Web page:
Operating On Faith

Operating On Faith

Last spring, I consented to a surgical face-off with a medical condition that had left me with no other options. Still, it had taken serious convincing for me to overlook the risks and pin my hopes on the procedure’s life-changing potential.

I’m generally brave, yet my resolve crumbles on a gurney. There’s also nothing like a flimsy, open-back hospital gown to spotlight our vulnerability. But it wasn’t the surgery I dreaded. It was the anesthesia, a fact I openly confessed to the anesthesiologist. I nodded at her reassurances, then begged her to promise I’d wake up.

Fear of anesthesia is common. In the weeks before the surgery, I read through endless webpages that attempt to debunk the myth that anesthetized patients enter a death-like state of unconsciousness. I wasn’t swayed. After all, the Talmud refers to sleep as 1/60th of death. Recognizing this, we recite bedtime blessings asking God to safely escort us through the night so that we can close our eyes without worry. And when we rise in the morning, we transition from the dream world back into the physical one by saying the Modeh Ani prayer. We thank God for “returning my soul within me” and for granting us another day of life.

These prayers are among the scripted ones I recite regularly. The words are familiar and comforting on my tongue, tumbling out of my mouth to remind me that going to sleep and waking up are a gift, not a given.

They also differ in more ways than their timing. One requires us to seize the day and make the most of the light-filled hours we have ahead of us. Though we are not entirely in charge, we are at least at the wheel. The other asks the opposite. We must cede all control, distancing ourselves from our conscious reality as we head into the wee hours of the night.

Anesthesia-induced sleep, I knew, would require an even deeper level of letting go, and that is likely what was driving my phobia. Yet I knew I needed the surgery and had already agreed to it. I looked forward to it recalibrating my body and making me healthy. As for my soul, I would have to pray it would still be with me when the anesthesia wore off.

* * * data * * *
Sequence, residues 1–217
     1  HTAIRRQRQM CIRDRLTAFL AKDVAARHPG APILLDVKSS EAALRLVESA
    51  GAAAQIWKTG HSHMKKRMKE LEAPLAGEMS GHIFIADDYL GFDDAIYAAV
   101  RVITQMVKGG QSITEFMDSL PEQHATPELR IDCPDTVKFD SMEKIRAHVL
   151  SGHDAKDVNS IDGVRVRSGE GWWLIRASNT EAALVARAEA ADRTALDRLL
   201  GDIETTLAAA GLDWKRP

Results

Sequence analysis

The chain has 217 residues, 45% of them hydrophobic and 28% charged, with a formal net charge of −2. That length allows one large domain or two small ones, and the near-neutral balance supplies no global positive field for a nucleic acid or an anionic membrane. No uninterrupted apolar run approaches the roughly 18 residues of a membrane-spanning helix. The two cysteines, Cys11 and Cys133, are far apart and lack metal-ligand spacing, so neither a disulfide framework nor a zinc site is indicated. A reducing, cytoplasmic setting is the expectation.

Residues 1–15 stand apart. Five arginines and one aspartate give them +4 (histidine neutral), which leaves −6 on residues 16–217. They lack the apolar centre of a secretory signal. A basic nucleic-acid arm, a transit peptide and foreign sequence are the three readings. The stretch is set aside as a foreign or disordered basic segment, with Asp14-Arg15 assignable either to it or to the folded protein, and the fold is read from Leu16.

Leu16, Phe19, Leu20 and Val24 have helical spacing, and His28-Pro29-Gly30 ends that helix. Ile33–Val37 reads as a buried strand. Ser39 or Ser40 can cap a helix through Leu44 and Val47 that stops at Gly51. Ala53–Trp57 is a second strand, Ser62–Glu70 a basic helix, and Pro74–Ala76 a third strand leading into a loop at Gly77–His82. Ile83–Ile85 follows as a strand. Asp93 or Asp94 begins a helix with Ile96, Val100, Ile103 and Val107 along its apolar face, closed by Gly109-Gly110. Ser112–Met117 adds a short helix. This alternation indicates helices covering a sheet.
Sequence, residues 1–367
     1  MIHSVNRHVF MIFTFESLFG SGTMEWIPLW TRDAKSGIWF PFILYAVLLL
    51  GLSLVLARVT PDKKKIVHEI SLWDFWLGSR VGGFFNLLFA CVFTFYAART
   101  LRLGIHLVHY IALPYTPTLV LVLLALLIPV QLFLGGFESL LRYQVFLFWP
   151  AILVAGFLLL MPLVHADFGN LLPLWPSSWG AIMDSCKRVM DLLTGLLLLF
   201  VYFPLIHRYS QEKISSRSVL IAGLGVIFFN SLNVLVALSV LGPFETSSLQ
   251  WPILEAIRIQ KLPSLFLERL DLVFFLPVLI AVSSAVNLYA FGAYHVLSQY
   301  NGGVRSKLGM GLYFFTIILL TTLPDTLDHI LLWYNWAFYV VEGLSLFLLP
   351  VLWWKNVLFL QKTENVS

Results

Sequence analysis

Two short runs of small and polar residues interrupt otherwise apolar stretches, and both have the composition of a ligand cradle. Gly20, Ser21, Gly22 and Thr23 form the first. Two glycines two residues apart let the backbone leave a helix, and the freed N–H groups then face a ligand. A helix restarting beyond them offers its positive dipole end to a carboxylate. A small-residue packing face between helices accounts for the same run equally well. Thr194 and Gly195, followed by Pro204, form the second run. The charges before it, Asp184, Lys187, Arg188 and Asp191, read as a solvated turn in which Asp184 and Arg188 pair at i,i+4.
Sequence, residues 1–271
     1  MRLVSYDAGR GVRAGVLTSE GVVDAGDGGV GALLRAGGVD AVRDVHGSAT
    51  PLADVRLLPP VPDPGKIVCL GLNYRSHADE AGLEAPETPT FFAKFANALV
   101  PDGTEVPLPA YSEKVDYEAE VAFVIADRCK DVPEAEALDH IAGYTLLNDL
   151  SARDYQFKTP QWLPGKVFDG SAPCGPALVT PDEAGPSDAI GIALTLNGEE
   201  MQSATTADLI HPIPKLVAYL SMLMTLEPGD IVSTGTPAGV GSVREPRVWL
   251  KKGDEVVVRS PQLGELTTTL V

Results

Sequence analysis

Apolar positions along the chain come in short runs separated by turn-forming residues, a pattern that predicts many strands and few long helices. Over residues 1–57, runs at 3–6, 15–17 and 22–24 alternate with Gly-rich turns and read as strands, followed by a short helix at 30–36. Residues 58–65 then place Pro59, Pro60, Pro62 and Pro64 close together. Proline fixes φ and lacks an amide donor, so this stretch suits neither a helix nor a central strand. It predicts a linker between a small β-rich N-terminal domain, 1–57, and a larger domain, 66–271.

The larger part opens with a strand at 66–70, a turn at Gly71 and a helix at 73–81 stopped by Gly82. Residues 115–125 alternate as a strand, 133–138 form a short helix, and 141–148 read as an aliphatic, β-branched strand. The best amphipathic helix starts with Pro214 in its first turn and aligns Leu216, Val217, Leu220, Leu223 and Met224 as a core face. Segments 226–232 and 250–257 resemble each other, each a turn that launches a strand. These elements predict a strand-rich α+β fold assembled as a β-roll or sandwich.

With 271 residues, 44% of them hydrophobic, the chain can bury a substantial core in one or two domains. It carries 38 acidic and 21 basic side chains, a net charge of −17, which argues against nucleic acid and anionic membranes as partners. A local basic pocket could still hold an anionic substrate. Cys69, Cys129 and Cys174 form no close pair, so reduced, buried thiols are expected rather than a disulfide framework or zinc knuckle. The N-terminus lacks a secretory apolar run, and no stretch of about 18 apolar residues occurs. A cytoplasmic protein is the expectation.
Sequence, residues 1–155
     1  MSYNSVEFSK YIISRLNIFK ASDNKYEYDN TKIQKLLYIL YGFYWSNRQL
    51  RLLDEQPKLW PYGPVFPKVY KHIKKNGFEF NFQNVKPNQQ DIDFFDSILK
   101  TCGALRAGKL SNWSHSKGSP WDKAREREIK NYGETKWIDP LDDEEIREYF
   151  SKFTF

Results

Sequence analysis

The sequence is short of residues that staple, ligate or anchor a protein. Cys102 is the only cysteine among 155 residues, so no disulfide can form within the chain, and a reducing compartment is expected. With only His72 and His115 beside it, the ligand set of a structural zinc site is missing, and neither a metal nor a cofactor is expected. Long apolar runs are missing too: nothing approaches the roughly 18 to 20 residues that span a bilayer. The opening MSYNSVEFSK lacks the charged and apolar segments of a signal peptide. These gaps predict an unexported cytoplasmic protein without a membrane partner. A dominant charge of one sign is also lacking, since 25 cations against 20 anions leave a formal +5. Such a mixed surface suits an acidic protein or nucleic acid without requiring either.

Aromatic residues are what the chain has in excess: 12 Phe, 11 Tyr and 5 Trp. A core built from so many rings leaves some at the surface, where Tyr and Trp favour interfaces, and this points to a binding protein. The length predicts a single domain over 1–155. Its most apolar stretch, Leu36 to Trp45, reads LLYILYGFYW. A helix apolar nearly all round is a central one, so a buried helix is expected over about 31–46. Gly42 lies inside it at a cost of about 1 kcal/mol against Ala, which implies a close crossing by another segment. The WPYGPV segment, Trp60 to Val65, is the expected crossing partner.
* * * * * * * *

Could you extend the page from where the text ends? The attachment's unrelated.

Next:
Dressed in a paper gown and hospital booties, my vitals taken, I shared my angst again with the anesthesiologist, who was checking out my veins. She tried to calm me. “It will be over before you know it! It’s just like taking a nap!” I wasn’t buying it. Besides, the pre-op experience felt a lot more like the rituals before a full night’s sleep — the changing of clothes, the ablutions, the leap of faith — than an afternoon siesta. So I decided to recite the evening Shema right before she put me out, hoping the bedtime echoes would ease some of my anxiety.

I walked into the OR, one hand on the arm of the nurse escorting me and the other holding my robe closed to preserve what was left of my modesty. Avoiding eye contact with the tubes and sharp objects, I suppressed a sudden urge to ask my wonderful surgical team to pray for me. Instead, I prayed for them — for their acuity, focus and steady hands — because I recognized in that moment that the Master of the Universe ran the operating room, even if He wasn’t the one wearing the scrubs. Then I, the patient, took a deep breath and placed my faith in all of them: in God, in my surgeon and in his team.

As I lay on the operating table, the anesthesiologist engaged me with questions about my boys. Smart doctor, because the next thing I knew I was groggy yet awake in the recovery room. I had no time for a last-minute panic attack about the anesthesia, but alas, no heads-up to say the Shema either.

I hovered in that exquisite place between unconsciousness and complete awakening, touching one hand with the other to confirm I wasn’t dreaming. I mumbled the Modeh Ani, grateful with a full heart that my soul had returned to my body. But I might have also sung the uplifting anthem of Rabbi Nachman — Lo lefached klal, that the main thing in our precarious world is to have no fear. Thanks to the healing powers of faith and modern medicine, I’d left mine behind in the operating room.

Merri Ukraincik is a regular contributor to this space.

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